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1. On the Go

The Dashwoods - a week old!

The Dashwoods – a week old!

Still trying to work out the new routine that includes the care and feeding of the Dashwoods and last night when I finally was able to sit down to blog I looked at the clock and had only about five minutes before I had to start getting ready for another commitment.

At the moment it seems like I have lots of books on the go and very little time to read them. Or rather, not as much time as I would like to read them. I find myself longing for a vacation escape to someplace where all my needs are catered to and all I have to do is sit and read. Ah, wouldn’t that be nice?

My commute book is Jane Eyre. I haven’t read it since the long ago days of college. I’m up to the night before the wedding. I am really not sure what to make of the book at the moment. The power differential in the relationship between Jane and Mr. Rochester is so skewed and even when Mr. Rochester proposes for Jane to behave as his fiance and not his employee for the month before the wedding, Jane turns him down, continues calling him sir and master. But also in doing this she manages to hold power over Rochester by denying him access to her as his future wife. Each of them is really pleased about their power over the other and relishes in making threats. It is disturbing.

I started reading Mieville’s newest, This Census-Taker, and I am not sure whether I like it. I like Mieville quite a lot. I have read Perdido Street Station and The City and The City. He is so good at world-building and creating a rich and detailed setting but This Census-Taker is scaled back, simplistic in a way. The tone feels flat and Mieville’s love of words that sends me to the dictionary is nowhere to be found. He’s trying out a stylistic thing that is interesting — the story is told (so far) from the perspective of the main character looking back on when he was a boy. He refers to his boyhood self in both first person and third person. And given the fear and violence of his childhood the fear and dissociation is realistic and understandable. But with that being the most interesting thing going on, it is hard to want to keep reading the book. It is a novella, so not so very long, but I can’t decide whether or not to keep going yet.

The Portable Veblen by Elizabeth McKenzie on the other hand, is truly delightful. The story is told in alternating chapters between Veblen and her fiance Paul. Veblen is smart and funny, loves squirrels, loves her house, is not afraid of hard work. She dropped out of college and is perfectly content working as an admin assistant. Her chapters so far focus on her engagement to Paul and her concerns that their relationship is doomed. Even the squirrels seem to be warning her. Paul is a neurologist who just took a job for a big pharmaceutical company to develop a tool and technique he invented for treating traumatic brain injuries in the field. His chapters tend to be career focused and filled with assumptions about what his future with Veblen will be like. It doesn’t take observant squirrels to see that there is trouble ahead for these two.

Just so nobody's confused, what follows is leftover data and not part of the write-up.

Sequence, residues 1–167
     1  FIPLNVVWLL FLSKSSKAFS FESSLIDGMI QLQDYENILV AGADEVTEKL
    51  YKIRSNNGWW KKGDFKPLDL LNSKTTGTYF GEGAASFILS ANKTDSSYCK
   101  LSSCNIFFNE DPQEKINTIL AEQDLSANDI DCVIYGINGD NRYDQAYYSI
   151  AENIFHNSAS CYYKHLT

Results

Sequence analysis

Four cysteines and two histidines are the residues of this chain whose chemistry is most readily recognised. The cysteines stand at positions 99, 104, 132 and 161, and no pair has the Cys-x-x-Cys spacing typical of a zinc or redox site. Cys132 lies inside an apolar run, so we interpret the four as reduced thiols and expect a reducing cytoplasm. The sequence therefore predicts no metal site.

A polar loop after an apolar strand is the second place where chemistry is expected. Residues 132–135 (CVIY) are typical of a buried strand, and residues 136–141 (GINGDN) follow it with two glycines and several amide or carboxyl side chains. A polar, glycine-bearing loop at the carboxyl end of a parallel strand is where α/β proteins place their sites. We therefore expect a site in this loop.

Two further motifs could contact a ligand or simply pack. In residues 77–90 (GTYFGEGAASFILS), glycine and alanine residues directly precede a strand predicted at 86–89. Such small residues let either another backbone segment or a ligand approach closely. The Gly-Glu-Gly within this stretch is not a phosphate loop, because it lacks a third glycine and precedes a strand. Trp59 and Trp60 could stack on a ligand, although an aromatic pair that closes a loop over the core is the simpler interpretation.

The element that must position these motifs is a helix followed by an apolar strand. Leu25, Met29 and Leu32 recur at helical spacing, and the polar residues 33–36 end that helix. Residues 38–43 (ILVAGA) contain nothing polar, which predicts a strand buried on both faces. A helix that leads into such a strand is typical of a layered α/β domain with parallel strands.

I am also still reading Jessa Crispin’s The Creative Tarot and enjoying it very much. It is not the kind of book to read cover to cover. But I am moving towards the end and hope to be able to write about it soon.

I started reading The Cabaret of Plants by Richard Mabey again and I like it very much but the reading is going slowly because I have so many other books on the go. I just picked up from the library a graphic novel I have been waiting my turn for for ages, Strong Female Protagonist. That will be something to enjoy on the weekend I think. And I also brought home from the library Dark Money by Jane Mayer. It is about money in American politics, particularly the money of the Koch brothers. Mayer is an award-winning journalist and while she was researching this book she was surveilled and attempts were made to discredit her. Ominous, isn’t it?

Of course I have all sorts of other books on the go. I briefly felt like my piles were getting a little smaller and then they sprang back up again even taller than before. I think I might just give up trying to manage the piles at all, it is a losing battle that only seems to cause me stress and worry. I just have to go with it and not be concerned about it. Things will either work out or they won’t and if they don’t the the worst thing that could happen is I have to return a book to the library before I get a chance to finish it. No, the worst thing would be my reading table collapses. But it hasn’t yet and it isn’t even wobbly. The books piled on it are more likely to fall off than the table is to fall down. So it’s all good!


Filed under: Books, In Progress

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2. Almost Finished

Something I learned today: extraterrestrial law is NOT the same as extraterritorial law. The field of extraterrestrial law as such does not exist. There is space law, but it is not the same thing. So, if there is anyone out there interested in extraterrestrial law, the area is currently wide open. Make your mark!